Senate Minority Leader Franklin Drilon on February 22 said the mishandling of the Dengvaxia case by the Public Attorney’s Office (PAO) contributed to the delays in arrival of COVID-19 vaccines in the country.

“To me, the indemnification requirement is borne out by the events that transpired in Dengvaxia controversy,” he said.

“Why did the manufacturers suddenly require an indemnity clause? Because of their experience with the way the Dengvaxia controversy was handled against Sanofi,” Drilon said at an interview with ANC.

Vaccine Czar Carlito Galvez earlier said that manufacturers are seeking an indemnity agreement following the news of warrants of arrest against Sanofi officials involved in the Dengvaxia controversy.

“It should be looked at in the context of the way PAO Chief Persida Acosta handled the Dengvaxia controversy,” he added.

He lamented how the PAO chief’s handling of the case burdened the poor health workers who were made defendants in the cases filed all over the country.

Drilon said that given the unfortunate experience of health workers in the Dengvaxia case, it is only proper to include a provision in Senate Bill number 2057 (or the Expediting the Procurement and Administration expected to pass in Congress this week) that will shield volunteers, like health workers,  from suits and liabilities, except those  arising from willful misconduct.

However, Drilon clarified that the clause would apply only to vaccines validly procured, not to smuggled vaccines.

But the minority leader said the indemnity issue is not the only reason for the delay. “To me, this is not the only reason. I think just like the way COVID-19 pandemic was handled, there is mismanagement in handling the supply agreements,” he said.

“Even the President asked, where are the vaccines? This is already a sign of exasperation,” he added.

 Among the 10 Southeast Asia countries, six are already inoculating their citizens, namely: Singapore, Indonesia, Cambodia, Vietnam, Laos, and Myanmar. Only the Philippines together with Malaysia, Brunei and Thailand have not started the vaccination, he noted.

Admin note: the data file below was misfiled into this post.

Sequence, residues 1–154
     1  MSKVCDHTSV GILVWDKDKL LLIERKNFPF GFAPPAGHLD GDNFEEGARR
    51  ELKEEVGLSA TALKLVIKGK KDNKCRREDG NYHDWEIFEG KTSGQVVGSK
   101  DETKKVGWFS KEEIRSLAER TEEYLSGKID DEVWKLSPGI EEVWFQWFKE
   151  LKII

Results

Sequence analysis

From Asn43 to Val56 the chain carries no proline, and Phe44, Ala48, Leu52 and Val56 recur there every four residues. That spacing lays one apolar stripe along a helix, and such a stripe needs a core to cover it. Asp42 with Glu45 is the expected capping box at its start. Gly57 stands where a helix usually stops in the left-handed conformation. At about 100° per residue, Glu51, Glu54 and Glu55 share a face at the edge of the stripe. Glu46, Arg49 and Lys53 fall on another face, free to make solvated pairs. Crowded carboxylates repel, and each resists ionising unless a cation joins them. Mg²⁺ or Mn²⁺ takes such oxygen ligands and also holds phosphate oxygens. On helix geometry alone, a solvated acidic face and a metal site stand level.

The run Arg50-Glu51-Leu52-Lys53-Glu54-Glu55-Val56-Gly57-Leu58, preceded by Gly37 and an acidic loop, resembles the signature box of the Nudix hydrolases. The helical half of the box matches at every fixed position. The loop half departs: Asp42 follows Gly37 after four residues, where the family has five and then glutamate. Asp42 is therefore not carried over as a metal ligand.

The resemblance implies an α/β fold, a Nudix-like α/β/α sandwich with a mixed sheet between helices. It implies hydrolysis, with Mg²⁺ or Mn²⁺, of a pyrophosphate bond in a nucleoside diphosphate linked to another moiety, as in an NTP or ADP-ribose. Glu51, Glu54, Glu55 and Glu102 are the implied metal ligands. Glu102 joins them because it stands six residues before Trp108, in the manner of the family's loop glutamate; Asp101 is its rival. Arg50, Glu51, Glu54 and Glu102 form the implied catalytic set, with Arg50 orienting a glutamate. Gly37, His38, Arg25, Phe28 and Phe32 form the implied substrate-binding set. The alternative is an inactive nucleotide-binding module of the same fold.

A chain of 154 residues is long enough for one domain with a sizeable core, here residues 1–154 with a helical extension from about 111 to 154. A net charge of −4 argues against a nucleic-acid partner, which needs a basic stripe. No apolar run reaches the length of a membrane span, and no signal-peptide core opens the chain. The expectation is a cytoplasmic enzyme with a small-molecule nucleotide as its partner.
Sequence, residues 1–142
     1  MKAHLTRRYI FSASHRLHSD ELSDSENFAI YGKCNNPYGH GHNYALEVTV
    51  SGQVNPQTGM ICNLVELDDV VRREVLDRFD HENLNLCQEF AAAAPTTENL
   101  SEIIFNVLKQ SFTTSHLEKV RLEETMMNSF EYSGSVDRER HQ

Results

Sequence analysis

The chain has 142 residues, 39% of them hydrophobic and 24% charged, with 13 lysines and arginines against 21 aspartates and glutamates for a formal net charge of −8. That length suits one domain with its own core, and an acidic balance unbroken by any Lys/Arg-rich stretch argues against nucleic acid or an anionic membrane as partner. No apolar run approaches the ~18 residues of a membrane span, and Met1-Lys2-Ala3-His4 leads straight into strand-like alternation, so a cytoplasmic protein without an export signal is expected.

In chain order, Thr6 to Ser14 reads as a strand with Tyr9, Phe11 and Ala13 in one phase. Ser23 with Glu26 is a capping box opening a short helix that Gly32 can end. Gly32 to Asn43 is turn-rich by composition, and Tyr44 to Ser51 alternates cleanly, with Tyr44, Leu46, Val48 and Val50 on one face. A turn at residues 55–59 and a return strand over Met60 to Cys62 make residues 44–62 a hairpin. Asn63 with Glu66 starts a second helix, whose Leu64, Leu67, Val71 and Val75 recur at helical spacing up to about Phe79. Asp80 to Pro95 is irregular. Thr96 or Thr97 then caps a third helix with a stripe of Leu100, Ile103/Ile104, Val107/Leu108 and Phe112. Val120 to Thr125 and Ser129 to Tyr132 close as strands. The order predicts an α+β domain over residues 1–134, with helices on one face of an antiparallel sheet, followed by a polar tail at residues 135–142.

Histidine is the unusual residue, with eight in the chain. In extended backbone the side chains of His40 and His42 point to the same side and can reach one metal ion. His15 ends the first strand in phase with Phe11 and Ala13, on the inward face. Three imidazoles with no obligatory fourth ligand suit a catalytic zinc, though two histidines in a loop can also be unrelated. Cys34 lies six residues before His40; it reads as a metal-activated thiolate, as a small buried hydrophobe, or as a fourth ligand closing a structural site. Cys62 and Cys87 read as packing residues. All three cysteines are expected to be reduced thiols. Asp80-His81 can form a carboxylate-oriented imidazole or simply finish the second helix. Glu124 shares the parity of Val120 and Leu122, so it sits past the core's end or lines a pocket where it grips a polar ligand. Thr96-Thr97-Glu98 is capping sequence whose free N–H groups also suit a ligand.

Drilon added that another factor — the refusal of the government to make advance payments, contributed to the delays.

“This advance payment is authorized under the law. We have to cue and we are last in the cue because of our failure to make an advance payment early enough,” he pointed out.

Under existing laws, Drilon said the government, including LGUs, are allowed to make an advance payment beyond the mandated 15 percent cap particularly in emergency situations such as the continuing COVID-19 pandemic.

Drilon also defended Congress against criticisms that the delay is caused by its inability to pass a measure that will provide for an indemnity fund.

“That’s totally unfair. There are indemnity agreements that have been signed in some instances and that was without a law. It is the mismanagement of this entire process that caused the delay in our procurement,” he said.

The former Justice secretary said that the President does not need a law to hold the manufacturers free and harmless except when they are negligent, emphasizing that the President has full power to bind the country.

He added that the government can easily tap into its billions of pesos contingent fund to fund an indemnification system.

Nevertheless, Drilon agreed that putting it clearly in the law will help improve the confidence level of the citizenry on the vaccines.

“Even if I am in the opposition, this is a bipartisan measure and we will support it. We will support it with proper safeguards and correct principles. In fact, I have requested that I be made co-author even though I am the minority leader, because we want to show our people that when it comes to this matter there is unity in government,” Drilon said.